Who should be blamed when an innocent person goes to prison? Or when an inmate with un-addressed mental health problems commits suicide?
If you just looked at newspaper headlines, or listened to angry legislators or advocacy groups, the answers seem simple.
There’s usually some “bad apple” —an overzealous prosecutor or careless jail guard—to pin the blame on.
But the problem with simple answers is that they can be misleading.
Especially when catastrophic mistakes such as a lifetime spent in prison for a crime that you didn’t commit— or even comparatively minor injustices, such as an innocent suspect who pleads guilty for lack of a good attorney—seem to recur throughout our criminal justice system.
According to the National Registry of Exonerations, by the end of 2013, 1,272 individuals were freed from prison after being found innocent of the crimes for which they were convicted.
Some believe this represents only a small percentage of those wrongfully behind bars today, since this figure is the result of painstaking work by the still-small “innocence movement” and relates mostly to serious criminal charges, such as murder.
Are they right? To what extent are our overloaded and resource-strained courts, prisons and jails evidence of flaws in the administration of justice rather than crime rates?
It’s entirely possible that system errors and oversights are “destroying tens of thousands of lives every year,” suggests Dr. Lucian Leape of the Harvard School of Public Health.
Dr. Leape admits he’s no criminal justice expert, but he’s worth listening to.
A few decades earlier, Dr. Leape discovered that mistakes in surgical and hospital care, which inadvertently killed thousands of patients annually, were preventable by addressing systemic flaws rather than by focusing on the actions of individual doctors or nurses.
For instance, putting two different types of medicines in packages that look almost identical could cause a hurried, stressed surgeon to reach for the wrong package, with disastrous results for a patient.
‘Punishment Won’t Work’
“We make mistakes because we’re human,” says Leape. “But punishing errors won’t work, especially when they’re unintended. You’ve got to quit trying to change (people) and change the system.”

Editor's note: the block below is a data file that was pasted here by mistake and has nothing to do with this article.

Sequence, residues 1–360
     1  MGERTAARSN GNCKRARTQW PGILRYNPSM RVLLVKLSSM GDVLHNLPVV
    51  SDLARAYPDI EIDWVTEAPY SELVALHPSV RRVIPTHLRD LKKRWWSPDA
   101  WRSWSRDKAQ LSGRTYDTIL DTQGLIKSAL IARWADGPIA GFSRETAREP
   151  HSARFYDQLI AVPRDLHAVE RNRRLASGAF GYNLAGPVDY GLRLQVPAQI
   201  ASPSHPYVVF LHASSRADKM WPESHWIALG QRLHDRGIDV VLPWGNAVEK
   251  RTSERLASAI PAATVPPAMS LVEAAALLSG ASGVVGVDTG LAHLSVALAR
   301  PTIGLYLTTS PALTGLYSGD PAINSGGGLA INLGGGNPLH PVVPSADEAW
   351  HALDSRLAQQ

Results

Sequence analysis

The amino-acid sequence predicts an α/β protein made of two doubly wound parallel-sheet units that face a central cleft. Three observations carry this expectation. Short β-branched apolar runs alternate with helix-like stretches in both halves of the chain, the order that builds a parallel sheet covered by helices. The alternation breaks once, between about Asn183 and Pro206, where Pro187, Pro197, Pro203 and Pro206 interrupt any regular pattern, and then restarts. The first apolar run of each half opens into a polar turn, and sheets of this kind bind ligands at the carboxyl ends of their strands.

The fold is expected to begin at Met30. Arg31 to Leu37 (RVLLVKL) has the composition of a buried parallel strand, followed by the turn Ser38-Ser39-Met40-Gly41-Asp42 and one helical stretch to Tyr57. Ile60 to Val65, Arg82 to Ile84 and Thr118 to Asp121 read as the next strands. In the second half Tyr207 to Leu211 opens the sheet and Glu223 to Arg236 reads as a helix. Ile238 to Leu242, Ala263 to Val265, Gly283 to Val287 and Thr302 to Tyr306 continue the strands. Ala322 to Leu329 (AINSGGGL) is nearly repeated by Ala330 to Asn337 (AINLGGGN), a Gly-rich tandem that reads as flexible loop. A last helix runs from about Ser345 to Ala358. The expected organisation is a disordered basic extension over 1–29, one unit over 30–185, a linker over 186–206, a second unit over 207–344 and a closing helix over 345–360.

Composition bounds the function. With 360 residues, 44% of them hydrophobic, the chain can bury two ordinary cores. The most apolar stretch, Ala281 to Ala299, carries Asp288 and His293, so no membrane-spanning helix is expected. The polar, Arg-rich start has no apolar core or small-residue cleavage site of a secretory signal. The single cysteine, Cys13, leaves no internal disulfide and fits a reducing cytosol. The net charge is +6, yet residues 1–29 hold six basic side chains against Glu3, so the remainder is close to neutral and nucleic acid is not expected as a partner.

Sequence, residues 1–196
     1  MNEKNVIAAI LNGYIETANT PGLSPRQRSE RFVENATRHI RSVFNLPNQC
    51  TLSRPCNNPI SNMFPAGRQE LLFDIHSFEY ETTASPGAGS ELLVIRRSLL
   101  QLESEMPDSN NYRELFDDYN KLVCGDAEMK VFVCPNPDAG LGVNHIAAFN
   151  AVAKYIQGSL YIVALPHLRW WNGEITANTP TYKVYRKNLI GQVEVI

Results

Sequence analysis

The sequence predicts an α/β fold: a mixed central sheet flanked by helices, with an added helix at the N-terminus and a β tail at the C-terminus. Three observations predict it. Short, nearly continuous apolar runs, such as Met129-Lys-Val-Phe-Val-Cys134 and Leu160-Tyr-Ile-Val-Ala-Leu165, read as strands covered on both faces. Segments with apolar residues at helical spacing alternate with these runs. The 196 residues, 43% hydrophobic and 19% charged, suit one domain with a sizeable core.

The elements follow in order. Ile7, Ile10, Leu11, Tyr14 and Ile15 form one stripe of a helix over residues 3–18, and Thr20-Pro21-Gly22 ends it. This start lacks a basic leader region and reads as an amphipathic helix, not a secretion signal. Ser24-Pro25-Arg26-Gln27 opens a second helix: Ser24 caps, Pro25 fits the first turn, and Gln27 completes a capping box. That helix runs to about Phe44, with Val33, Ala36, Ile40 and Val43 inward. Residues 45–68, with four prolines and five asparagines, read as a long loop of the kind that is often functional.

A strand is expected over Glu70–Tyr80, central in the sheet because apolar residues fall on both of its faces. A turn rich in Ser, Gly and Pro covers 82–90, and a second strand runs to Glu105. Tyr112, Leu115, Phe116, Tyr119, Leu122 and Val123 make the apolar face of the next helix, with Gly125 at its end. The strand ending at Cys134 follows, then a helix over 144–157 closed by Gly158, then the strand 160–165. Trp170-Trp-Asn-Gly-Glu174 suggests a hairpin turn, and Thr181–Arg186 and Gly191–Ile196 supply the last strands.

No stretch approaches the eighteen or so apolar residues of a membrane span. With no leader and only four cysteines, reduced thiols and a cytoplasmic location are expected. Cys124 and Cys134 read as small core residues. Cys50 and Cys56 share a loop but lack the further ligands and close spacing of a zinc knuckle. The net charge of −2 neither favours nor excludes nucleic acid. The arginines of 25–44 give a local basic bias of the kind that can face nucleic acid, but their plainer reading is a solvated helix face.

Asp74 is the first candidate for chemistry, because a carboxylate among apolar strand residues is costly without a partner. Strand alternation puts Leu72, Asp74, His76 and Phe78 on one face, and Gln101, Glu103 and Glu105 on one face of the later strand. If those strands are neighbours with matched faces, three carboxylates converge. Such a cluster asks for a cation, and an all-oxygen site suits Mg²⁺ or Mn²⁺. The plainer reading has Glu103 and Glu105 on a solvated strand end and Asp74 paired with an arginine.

The work of Leape and others led to the creation of the National Patient Safety Foundation, which established a template for detecting and correcting the often-overlooked errors in procedure or lapses in judgment that produce fatal results.
Leape’s estimate of the impact of criminal justice system errors is based on his own experience of the similarly complex and occasionally dysfunctional U.S. medical system. But we don’t have to accept his judgment alone.
Last weekend, some of the nation’s leading criminal justice players and scholars came to much the same conclusion during a two-day conference organized by the Quattrone Center for the Fair Administration of Justice at the University of Pennsylvania Law School.
“If you limit yourself to going after the bad cop, the drunken sleepy lawyer, the corrupt judge, (you’re not affecting) the conditions that created them,” the conference was told by James Doyle, a Boston attorney who, as a recent National Institute of Justice (NIJ) fellow, helped spearhead a “systems approach” to correcting mistakes in justice.
Editors Note: Doyle is also a contributor to The Crime Report. For a more extended version of his perspective, please see his March 4, 2014 Viewpoint, “The Paradigm Shift in Criminal Justice.”
The approach, known as the “Sentinel Events Initiative,” will be tested in three cities this year: Philadelphia, Milwaukee and Baltimore.
With NIJ support, criminal justice players in each city, ranging from the District Attorney’s office and Public Defenders to police, have agreed to develop , in effect, a private feedback loop to examine cases that went wrong—or nearly went wrong— and draw lessons that could be applicable to future practice.
That could include anything from a failure to double-check an eyewitness account or a flawed police lineup to a defect in court hiring practices.
The weekend conference at the Quattrone Center served as a curtain-raiser for the approach.
“The criminal justice system is a gigantic enterprise,” said John Hollway, executive director of the Center, which was established last year.
“We often lose sight of the fact that its goal is to get the right guy—in the right way,” he added, echoing one of the recurring themes of the conference, entitled, “A Systems Approach to Conviction Integrity.”
But like any paradigm-busting idea, it raises some hard questions.
Would focusing on system flaws allow bad prosecutors and cops to escape accountability?
What good are such efforts if the money needed to help an understaffed public defender’s office or reduce a crowded court docket isn’t forthcoming?
What about one of the gravest “system flaws” of all: the systemic racism that many believe has put a disproportional number of African Americans and Latinos in the nation’s prison and jail system?